A Look Back at the... Pioneer-Tribune Archives
50 Years Ago February 6, 1964
• The Manistique Pioneer-Tribune has been named as the best weekly newspaper in its size classification in the general excellence competition of the Michigan Press Association. The Pioneer-Tribune too first place in Class C, for weeklies of 2,500 to 4,000 circulation, in competition last week end at the MPA convention in East Lansing. The Fenton Independent placed second, while the Ogemaw County Herald of West Branch was third.
• The First Baptist Church in Manistique has a new pastor. Rev. Roy A. Pitts began his ministry there Sunday, after moving into the parsonage last week. Rev. and Mrs. Pitts have a daughter, Marilyn, a student in high school, and a son, Kenneth, a student at Lawrence Institute of Technology in Detroit.
• The Schoolcraft County general fund deficit has been cut to $8,279.95, County Treasurer William Cowman announced this week. “If we can ease up on spending and continue to be free of tuberculosis patients, as we were this year, we should be able to get the county in the black for the first time in 20 years,” Cowman said. The last time the county was in the black was in 1945, with a $13,506.43 credit.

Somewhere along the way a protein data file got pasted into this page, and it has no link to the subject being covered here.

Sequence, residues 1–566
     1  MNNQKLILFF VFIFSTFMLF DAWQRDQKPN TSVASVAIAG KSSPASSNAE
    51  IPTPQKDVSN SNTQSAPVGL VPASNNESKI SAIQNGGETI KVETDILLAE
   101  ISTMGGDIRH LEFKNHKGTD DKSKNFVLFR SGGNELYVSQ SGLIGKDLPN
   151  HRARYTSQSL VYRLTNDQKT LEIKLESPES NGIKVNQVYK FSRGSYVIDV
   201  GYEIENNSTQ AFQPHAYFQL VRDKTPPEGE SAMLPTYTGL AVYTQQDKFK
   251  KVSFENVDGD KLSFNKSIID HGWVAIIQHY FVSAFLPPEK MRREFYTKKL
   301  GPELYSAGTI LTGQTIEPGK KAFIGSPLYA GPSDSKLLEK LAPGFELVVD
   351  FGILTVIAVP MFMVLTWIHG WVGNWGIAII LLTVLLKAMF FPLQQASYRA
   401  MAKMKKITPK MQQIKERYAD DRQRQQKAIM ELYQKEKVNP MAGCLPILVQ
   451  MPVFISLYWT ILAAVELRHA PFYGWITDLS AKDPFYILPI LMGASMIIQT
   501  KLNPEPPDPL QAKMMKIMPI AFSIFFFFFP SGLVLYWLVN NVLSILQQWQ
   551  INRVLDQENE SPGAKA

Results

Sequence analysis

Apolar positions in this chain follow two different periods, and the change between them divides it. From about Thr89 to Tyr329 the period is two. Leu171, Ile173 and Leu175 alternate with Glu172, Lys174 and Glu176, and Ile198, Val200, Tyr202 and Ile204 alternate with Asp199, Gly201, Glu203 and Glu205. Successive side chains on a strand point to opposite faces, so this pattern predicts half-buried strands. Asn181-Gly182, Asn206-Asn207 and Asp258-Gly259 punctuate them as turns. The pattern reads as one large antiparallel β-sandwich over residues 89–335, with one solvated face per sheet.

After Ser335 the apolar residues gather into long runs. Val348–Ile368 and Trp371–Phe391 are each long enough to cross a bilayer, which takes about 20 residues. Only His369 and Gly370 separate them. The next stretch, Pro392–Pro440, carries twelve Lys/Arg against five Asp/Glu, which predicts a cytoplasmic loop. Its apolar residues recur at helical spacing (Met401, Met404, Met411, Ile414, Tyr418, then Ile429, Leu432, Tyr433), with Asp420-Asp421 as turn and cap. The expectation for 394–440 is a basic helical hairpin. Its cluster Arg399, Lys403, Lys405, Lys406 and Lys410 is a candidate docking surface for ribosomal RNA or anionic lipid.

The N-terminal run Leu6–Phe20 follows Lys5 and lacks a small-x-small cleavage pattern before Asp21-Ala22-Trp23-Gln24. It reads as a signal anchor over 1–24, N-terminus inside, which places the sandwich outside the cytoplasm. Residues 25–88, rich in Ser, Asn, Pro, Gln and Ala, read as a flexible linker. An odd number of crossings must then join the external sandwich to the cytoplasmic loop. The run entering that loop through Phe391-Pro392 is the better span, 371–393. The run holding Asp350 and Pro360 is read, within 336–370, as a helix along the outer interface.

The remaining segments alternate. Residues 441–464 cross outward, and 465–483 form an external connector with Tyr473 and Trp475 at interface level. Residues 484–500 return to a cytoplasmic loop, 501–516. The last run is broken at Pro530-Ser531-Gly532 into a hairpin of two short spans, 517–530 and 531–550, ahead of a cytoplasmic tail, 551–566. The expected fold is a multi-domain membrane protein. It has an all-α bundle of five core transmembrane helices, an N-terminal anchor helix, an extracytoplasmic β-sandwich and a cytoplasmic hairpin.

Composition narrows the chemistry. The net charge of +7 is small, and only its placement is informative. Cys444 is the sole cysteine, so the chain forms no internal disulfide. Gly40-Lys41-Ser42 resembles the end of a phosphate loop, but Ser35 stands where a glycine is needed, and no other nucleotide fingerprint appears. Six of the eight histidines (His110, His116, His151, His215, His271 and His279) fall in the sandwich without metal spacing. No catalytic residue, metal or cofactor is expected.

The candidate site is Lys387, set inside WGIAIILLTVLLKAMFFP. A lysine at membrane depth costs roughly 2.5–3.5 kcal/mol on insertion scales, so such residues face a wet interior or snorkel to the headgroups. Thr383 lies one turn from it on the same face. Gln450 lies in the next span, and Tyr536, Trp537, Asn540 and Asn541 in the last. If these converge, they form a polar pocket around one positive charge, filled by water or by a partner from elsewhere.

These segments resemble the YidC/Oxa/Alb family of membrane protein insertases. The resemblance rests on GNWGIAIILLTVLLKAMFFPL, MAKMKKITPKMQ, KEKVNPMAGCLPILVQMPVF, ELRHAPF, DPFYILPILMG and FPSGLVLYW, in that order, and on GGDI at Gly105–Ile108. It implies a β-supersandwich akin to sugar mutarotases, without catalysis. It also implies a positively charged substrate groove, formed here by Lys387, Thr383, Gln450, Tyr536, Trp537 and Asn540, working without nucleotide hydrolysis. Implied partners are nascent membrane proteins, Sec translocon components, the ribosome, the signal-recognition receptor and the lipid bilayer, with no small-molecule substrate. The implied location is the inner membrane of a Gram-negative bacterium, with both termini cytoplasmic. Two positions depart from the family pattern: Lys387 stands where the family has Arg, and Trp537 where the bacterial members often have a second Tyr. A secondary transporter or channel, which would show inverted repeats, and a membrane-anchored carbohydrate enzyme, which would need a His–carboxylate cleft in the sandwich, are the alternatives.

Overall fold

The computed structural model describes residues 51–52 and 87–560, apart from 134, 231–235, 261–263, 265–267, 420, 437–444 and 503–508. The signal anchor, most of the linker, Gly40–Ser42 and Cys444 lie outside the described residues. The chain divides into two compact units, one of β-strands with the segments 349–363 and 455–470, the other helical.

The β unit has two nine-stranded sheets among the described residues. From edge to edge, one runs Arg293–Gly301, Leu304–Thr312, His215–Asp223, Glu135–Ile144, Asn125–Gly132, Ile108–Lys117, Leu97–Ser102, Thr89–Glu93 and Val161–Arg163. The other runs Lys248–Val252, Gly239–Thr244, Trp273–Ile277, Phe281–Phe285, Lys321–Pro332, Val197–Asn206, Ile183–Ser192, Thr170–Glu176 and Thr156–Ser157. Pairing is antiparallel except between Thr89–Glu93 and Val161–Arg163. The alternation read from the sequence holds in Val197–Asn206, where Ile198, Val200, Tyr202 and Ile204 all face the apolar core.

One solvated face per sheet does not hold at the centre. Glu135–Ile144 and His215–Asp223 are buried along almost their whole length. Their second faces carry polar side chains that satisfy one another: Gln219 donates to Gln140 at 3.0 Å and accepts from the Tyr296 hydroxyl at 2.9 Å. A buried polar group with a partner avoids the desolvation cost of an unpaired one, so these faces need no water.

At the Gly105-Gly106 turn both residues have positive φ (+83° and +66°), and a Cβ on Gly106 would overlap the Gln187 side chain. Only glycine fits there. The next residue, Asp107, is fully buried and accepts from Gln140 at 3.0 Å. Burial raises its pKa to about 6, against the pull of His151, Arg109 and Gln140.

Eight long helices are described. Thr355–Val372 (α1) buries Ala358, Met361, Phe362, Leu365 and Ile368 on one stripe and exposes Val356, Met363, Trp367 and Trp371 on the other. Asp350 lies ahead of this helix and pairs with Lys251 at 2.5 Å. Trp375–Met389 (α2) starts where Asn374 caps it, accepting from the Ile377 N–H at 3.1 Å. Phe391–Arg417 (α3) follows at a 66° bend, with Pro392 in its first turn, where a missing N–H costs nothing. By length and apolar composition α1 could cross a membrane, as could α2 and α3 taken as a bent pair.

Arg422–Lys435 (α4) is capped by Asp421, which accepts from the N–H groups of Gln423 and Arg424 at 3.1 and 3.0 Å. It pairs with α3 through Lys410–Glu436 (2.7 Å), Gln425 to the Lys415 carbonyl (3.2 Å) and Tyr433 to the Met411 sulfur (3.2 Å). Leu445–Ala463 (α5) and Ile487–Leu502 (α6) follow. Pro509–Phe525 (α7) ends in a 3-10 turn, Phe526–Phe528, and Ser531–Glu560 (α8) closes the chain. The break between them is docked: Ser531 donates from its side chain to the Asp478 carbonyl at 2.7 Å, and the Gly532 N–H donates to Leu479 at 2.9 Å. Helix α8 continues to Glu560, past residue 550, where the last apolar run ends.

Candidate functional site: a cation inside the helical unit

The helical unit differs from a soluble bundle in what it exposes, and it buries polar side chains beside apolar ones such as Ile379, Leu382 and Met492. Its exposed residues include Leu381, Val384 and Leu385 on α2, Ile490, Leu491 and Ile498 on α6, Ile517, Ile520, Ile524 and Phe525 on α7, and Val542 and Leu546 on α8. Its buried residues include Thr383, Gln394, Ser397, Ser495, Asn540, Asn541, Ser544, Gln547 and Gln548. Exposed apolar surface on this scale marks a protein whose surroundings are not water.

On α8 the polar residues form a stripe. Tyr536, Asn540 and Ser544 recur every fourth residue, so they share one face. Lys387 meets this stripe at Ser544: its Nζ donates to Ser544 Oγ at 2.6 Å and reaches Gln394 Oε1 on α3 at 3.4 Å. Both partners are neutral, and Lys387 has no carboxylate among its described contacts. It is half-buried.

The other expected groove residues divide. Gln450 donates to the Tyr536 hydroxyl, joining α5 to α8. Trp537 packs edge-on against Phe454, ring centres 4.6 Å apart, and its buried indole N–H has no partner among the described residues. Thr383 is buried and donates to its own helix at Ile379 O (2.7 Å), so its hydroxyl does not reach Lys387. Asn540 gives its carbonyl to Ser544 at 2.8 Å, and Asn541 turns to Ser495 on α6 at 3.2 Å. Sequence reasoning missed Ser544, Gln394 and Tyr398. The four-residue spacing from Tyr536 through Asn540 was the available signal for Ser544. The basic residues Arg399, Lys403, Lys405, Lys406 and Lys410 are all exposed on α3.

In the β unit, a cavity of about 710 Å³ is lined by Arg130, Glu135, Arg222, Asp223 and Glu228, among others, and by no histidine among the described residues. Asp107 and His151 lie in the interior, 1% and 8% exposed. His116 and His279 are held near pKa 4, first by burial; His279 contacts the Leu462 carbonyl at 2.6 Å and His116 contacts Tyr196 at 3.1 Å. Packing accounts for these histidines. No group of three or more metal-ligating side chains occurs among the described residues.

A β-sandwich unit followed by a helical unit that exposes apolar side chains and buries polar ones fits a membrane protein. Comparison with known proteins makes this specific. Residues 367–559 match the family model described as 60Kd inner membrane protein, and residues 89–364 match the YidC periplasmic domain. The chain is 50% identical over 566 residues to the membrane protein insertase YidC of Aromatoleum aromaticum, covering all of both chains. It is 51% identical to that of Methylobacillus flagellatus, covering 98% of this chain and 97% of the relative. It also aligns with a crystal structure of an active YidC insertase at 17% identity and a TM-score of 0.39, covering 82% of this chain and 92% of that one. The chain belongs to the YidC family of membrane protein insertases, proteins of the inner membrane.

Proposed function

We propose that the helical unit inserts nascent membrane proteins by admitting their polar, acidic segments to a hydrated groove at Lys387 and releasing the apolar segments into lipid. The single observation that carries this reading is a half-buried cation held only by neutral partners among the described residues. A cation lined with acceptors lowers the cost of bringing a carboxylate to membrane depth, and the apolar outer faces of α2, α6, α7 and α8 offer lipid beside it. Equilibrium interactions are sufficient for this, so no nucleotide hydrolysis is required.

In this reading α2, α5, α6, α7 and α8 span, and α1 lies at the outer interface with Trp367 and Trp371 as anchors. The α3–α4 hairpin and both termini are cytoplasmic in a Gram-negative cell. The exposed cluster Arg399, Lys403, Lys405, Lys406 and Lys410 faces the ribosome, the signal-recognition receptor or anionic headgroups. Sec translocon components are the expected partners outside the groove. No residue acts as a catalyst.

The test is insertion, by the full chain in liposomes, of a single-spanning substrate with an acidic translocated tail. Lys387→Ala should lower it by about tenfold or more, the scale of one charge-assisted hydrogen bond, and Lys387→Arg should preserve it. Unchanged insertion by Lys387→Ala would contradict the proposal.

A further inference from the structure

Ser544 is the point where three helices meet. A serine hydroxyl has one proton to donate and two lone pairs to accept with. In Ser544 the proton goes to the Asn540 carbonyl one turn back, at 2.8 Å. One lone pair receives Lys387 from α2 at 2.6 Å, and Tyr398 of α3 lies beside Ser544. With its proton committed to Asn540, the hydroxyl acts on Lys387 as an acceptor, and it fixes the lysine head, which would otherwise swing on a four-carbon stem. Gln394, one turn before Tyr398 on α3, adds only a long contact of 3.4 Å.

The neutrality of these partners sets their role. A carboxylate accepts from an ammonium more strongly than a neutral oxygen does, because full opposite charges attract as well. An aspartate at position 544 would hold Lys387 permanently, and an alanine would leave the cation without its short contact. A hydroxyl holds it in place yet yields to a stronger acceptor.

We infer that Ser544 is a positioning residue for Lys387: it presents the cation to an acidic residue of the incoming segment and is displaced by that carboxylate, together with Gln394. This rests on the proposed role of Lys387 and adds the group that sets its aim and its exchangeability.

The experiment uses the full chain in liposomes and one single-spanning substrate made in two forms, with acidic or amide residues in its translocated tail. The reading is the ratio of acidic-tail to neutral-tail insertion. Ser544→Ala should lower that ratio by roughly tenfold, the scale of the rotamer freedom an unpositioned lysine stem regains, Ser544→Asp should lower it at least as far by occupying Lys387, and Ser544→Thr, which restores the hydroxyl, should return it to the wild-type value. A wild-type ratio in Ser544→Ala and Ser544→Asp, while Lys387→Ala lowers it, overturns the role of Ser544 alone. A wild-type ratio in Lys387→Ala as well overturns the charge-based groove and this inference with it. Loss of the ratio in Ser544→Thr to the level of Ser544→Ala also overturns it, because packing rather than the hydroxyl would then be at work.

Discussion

• A Manistique boy who made good in the rough and tumble competition of modern fashion retailing was featured in a special article in the Sunday Detroit Free Press. Isadore Winkelman left Manistique when he was 20, and today is president of the largest chain of women’s fashion stores in the Midwest. His genius for making the right move, placing each store in the right place, has won him national respect...and the high esteem of the men with whom he works at company headquarters.
• Delivery of currency by Brink’s armored cars has been started to banks in the Upper Peninsula by the Federal Reserve Bank in Minneapolis. The first local deliveries were made Wednesday.
• Clifford Barber, 330 Schoolcraft Ave., opened the sturgeon season with a bang Saturday, spearing a five foot, 71 pounder on Indian Lake.
• The Soo Blue Devils put a major crimp in the Great Lakes title hopes of Manistique Tuesday night, defeating the Emeralds 78-59 on the Soo floor. The loss dropped Manistique into a third-place tie with Negaunee. Each has a 6-3 record. Soo leads the league with a 7-2 mark, followed by Ishpeming with an 8-3 record.
35 Years Ago February 8, 1979
• Offering “something for everyone,” Manistique’s First Annual Winter Carnival will be taking off next Thursday for a four-day flight. The carnival is sponsored by WTIQ and the Manistique-Schoolcraft Chamber of Commerce to encourage the community and tourists to involve themselves in the winter fun to be had in the Upper Peninsula. The whole weekend’s fun will cost only $3 per adult. That’s the cost of the Winter Carnival button on sale now from 44 merchants throughout the community.
• Manistique’s newest teacher is a music man. Keith Polkinghorne, a native of Mohawk, Mich., will be the choral teacher for the junior and senior high school choirs. He will also lead the swing choir called “The Naturals” and assist band leader Dan White with the junior high school and jazz bands. In addition to those duties, Polkinghorne will teach beginning band and choir at the elementary school level.